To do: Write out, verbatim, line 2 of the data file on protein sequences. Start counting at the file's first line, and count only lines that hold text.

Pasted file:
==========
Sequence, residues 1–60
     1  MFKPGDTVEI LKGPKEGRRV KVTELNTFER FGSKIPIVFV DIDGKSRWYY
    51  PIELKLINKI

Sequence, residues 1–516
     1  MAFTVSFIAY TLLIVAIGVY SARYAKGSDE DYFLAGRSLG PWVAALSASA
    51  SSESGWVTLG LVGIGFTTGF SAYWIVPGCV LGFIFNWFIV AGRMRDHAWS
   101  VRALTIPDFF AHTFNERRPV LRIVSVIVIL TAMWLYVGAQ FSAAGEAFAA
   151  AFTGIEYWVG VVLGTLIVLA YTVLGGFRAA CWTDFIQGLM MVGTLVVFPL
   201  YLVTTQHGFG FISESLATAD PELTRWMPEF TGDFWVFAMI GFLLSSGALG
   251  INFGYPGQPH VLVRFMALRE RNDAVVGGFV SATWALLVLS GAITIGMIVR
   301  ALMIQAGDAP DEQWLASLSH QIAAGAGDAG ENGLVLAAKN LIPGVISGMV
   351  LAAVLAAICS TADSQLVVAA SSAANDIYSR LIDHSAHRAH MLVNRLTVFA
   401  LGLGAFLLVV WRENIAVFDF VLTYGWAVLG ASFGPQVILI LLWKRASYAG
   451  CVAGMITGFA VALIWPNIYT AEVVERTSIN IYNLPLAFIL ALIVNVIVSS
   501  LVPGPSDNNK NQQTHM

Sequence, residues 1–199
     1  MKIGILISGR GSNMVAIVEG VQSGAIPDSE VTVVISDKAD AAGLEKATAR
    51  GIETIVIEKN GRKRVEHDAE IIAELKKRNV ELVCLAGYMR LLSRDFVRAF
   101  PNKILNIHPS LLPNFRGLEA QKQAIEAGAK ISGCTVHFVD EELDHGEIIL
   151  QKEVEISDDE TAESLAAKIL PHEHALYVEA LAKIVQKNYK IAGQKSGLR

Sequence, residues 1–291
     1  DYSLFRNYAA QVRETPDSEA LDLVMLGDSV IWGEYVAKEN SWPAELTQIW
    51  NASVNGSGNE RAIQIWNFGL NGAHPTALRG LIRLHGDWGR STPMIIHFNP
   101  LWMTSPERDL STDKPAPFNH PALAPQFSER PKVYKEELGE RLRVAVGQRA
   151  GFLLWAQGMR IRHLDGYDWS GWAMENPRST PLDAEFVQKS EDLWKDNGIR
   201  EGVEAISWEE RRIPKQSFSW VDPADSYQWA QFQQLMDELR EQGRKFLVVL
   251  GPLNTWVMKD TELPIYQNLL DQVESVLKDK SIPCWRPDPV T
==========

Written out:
     1  MFKPGDTVEI LKGPKEGRRV KVTELNTFER FGSKIPIVFV DIDGKSRWYY